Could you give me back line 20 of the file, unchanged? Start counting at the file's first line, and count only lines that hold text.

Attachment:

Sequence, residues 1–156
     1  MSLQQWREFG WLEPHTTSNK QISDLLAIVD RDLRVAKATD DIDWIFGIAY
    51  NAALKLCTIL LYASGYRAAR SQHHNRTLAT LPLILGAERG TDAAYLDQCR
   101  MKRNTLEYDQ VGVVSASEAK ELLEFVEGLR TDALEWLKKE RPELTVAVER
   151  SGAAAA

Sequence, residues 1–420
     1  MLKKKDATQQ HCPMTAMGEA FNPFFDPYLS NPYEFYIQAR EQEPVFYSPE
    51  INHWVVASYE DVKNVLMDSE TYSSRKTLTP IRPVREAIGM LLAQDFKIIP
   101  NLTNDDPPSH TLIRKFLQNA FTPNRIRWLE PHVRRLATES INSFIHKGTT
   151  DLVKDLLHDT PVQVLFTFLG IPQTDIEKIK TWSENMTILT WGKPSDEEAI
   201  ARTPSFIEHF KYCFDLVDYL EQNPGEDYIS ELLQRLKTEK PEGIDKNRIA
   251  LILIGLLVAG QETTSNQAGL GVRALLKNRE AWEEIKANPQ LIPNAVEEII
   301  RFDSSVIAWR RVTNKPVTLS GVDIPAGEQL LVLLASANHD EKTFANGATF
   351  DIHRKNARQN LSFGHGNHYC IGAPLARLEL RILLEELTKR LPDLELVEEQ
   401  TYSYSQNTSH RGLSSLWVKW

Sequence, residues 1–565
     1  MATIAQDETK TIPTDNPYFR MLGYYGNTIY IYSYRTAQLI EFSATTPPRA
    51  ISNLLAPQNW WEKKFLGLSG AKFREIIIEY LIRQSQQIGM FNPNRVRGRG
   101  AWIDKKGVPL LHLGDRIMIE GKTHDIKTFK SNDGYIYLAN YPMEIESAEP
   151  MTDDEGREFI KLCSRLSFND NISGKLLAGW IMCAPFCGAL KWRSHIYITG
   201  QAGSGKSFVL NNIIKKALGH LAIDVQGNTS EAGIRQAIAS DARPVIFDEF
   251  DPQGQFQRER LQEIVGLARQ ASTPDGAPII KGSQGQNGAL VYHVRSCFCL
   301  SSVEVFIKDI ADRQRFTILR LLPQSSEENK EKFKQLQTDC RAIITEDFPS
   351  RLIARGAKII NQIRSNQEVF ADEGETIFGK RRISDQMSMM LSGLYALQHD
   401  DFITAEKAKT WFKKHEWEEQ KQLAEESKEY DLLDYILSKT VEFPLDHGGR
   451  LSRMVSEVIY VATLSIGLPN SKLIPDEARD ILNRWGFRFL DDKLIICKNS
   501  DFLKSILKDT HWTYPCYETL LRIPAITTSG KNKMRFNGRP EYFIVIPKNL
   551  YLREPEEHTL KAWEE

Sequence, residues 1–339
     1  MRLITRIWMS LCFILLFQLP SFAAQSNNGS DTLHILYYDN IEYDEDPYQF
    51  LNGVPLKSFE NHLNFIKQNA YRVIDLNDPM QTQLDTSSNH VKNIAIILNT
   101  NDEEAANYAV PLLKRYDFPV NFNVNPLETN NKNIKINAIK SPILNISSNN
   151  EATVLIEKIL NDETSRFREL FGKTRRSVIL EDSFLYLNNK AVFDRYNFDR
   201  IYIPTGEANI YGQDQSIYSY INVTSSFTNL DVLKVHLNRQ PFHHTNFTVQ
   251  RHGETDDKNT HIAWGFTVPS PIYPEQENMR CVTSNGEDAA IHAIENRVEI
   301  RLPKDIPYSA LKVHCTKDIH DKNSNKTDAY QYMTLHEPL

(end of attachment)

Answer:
   151  MTDDEGREFI KLCSRLSFND NISGKLLAGW IMCAPFCGAL KWRSHIYITG